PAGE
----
Missouri didn’t throw to the tight ends much last season.
Then-senior Eric Waters caught only eight passes, including three in two different games, while Sean Culkin made one 6-yard catch in the season opener against Murray State.
That was the sum total of tight end production in the passing game, a far cry from the days when Martin Rucker, Chase Coffman and Michael Egnew were dominating the Big 12.
With wholesale turnover at wide receiver, 2014 could bring about a return to utilizing tight ends in the Tigers’ passing game, led by the sophomore Culkin, the team’s starting tight end.
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Junior Clayton Echard and redshirt freshman Jason Reese also saw several targets during recent scrimmages.
“All those guys, I think we can get them more involved,” Missouri offensive coordinator Josh Henson said. “Those guys are all coming along, and I think they’re all going to be pretty good playmakers for us.”
Culkin, but especially Waters, were vital cogs in the Tigers’ dominant ground game last season blocking on the edge. That’s still going to be an important piece of the equation.
The days when the tight end lined up in the slot and served almost exclusively as a massive wide receiver probably are done.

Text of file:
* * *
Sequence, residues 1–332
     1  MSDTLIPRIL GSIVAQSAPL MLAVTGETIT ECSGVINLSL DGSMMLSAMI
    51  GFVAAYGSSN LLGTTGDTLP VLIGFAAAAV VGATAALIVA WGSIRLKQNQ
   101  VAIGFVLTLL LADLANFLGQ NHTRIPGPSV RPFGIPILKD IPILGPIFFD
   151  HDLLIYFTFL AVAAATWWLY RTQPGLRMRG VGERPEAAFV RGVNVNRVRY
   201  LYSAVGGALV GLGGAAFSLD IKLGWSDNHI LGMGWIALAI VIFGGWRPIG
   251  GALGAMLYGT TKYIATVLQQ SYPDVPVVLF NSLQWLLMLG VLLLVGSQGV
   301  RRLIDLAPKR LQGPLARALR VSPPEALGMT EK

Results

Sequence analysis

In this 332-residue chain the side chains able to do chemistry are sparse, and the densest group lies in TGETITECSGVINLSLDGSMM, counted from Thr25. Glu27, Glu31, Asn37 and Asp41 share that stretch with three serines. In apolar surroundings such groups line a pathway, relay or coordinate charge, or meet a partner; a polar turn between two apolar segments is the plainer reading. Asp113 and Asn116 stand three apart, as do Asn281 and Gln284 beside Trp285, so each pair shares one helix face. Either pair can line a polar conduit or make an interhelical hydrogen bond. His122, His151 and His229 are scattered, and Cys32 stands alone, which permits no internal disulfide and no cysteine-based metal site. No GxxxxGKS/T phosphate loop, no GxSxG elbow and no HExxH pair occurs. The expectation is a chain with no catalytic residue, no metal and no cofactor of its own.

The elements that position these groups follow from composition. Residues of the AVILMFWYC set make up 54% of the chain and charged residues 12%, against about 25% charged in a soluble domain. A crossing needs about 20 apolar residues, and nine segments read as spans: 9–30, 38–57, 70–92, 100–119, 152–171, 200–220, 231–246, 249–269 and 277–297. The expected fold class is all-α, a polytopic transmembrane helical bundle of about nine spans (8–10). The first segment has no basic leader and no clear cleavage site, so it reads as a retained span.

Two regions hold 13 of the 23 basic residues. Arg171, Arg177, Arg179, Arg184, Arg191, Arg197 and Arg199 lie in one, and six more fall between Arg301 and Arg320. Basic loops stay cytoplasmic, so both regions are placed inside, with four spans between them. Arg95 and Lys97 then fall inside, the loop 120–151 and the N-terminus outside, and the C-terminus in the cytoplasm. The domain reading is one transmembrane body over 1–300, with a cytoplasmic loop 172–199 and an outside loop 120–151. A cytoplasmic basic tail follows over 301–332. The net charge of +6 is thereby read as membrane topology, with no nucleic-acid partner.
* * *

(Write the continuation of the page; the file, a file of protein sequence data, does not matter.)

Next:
“I think we’ll use them in a combination of ways,” Missouri coach Gary Pinkel said Wednesday during the SEC coaches’ weekly teleconference. “Our goal has always been to get the best athletes on the field every year, and that can change.”
If Culkin — or Echard and Reese — emerge as the best receiving option, expect them to get a lot more targets.
“Sean is really a lot different player,” Pinkel said. “He’s matured, as guys do in the program, and I think he has the potential to be very good.”
Scheduling questions persist
Missouri’s schedule with all four nonconference games front-loaded was a point of curiosity to the Tigers’ Southeastern Conference brethren last season.
Despite answering questions about it throughout the first month of the season in 2013, the questions persisted in 2014 during Wednesday’s teleconference.
“That’s what we did in the Big 12, so scheduling for us, even these next couple years, is very challenging, because we had so many of these things set already,” Pinkel said. “In this league, it’s done differently. I think we’ll eventually go in that direction.”
Pinkel waxed poetic on several occasions last season about the SEC’s relative strength creating a need for more creative scheduling to break up the grind of the conference slate.
He did again.
“We’re not going to do this forever,” Pinkel said. “This is more so just because it’s what we had been doing.”